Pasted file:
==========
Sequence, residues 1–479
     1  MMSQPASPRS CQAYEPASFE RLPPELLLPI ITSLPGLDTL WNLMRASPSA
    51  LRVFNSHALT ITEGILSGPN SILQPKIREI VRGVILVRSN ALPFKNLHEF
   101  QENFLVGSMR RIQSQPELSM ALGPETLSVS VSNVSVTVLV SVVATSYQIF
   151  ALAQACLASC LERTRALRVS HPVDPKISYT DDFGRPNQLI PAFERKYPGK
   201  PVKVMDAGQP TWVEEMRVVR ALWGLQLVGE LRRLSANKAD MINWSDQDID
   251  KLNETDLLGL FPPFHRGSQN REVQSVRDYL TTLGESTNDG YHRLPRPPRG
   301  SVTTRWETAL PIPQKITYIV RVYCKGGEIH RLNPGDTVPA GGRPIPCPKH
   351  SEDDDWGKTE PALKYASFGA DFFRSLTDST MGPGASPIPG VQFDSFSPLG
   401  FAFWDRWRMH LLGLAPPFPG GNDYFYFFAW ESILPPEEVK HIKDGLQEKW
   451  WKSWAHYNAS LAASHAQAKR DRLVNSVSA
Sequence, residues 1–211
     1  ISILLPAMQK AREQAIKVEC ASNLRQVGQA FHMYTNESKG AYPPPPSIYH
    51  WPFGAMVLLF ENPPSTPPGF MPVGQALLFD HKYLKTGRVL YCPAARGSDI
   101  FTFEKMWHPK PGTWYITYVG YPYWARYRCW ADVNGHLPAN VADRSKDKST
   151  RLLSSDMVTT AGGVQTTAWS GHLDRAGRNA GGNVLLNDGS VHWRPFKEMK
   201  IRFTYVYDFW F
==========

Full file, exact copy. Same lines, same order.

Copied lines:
Sequence, residues 1–479
     1  MMSQPASPRS CQAYEPASFE RLPPELLLPI ITSLPGLDTL WNLMRASPSA
    51  LRVFNSHALT ITEGILSGPN SILQPKIREI VRGVILVRSN ALPFKNLHEF
   101  QENFLVGSMR RIQSQPELSM ALGPETLSVS VSNVSVTVLV SVVATSYQIF
   151  ALAQACLASC LERTRALRVS HPVDPKISYT DDFGRPNQLI PAFERKYPGK
   201  PVKVMDAGQP TWVEEMRVVR ALWGLQLVGE LRRLSANKAD MINWSDQDID
   251  KLNETDLLGL FPPFHRGSQN REVQSVRDYL TTLGESTNDG YHRLPRPPRG
   301  SVTTRWETAL PIPQKITYIV RVYCKGGEIH RLNPGDTVPA GGRPIPCPKH
   351  SEDDDWGKTE PALKYASFGA DFFRSLTDST MGPGASPIPG VQFDSFSPLG
   401  FAFWDRWRMH LLGLAPPFPG GNDYFYFFAW ESILPPEEVK HIKDGLQEKW
   451  WKSWAHYNAS LAASHAQAKR DRLVNSVSA
Sequence, residues 1–211
     1  ISILLPAMQK AREQAIKVEC ASNLRQVGQA FHMYTNESKG AYPPPPSIYH
    51  WPFGAMVLLF ENPPSTPPGF MPVGQALLFD HKYLKTGRVL YCPAARGSDI
   101  FTFEKMWHPK PGTWYITYVG YPYWARYRCW ADVNGHLPAN VADRSKDKST
   151  RLLSSDMVTT AGGVQTTAWS GHLDRAGRNA GGNVLLNDGS VHWRPFKEMK
   201  IRFTYVYDFW F